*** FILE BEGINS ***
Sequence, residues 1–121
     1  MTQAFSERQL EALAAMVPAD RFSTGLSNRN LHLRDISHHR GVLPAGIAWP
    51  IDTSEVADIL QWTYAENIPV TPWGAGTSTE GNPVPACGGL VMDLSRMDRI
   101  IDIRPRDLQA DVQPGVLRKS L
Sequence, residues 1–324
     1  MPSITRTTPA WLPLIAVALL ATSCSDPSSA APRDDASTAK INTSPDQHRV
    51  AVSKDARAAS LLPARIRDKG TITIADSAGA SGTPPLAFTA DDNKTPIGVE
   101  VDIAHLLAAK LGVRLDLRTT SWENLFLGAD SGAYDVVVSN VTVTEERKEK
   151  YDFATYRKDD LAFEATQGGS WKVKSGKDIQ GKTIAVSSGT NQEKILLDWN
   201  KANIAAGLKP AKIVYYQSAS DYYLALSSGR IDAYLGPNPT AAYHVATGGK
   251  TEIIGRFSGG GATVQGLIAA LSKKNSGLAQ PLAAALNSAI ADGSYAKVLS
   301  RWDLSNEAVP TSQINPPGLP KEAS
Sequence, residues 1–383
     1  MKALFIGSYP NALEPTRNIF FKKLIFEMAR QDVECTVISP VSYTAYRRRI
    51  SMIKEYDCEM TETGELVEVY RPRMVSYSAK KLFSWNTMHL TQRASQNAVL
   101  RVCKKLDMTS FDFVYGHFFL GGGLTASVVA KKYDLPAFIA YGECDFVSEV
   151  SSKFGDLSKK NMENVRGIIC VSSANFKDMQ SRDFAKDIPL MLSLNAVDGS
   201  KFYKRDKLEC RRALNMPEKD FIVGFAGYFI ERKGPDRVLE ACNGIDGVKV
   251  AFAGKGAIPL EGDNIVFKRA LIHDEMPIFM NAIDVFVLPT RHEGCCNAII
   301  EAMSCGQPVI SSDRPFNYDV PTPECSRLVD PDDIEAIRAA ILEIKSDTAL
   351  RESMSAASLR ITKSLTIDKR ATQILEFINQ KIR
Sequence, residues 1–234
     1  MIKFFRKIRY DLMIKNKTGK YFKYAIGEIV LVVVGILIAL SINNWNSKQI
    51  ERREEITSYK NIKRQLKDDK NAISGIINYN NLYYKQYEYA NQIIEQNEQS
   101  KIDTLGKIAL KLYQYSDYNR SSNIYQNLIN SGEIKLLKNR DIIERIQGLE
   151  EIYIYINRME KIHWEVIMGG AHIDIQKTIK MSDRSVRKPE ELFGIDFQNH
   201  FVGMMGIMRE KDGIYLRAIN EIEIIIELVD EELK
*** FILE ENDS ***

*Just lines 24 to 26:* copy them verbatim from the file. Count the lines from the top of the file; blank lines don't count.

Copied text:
    51  ERREEITSYK NIKRQLKDDK NAISGIINYN NLYYKQYEYA NQIIEQNEQS
   101  KIDTLGKIAL KLYQYSDYNR SSNIYQNLIN SGEIKLLKNR DIIERIQGLE
   151  EIYIYINRME KIHWEVIMGG AHIDIQKTIK MSDRSVRKPE ELFGIDFQNH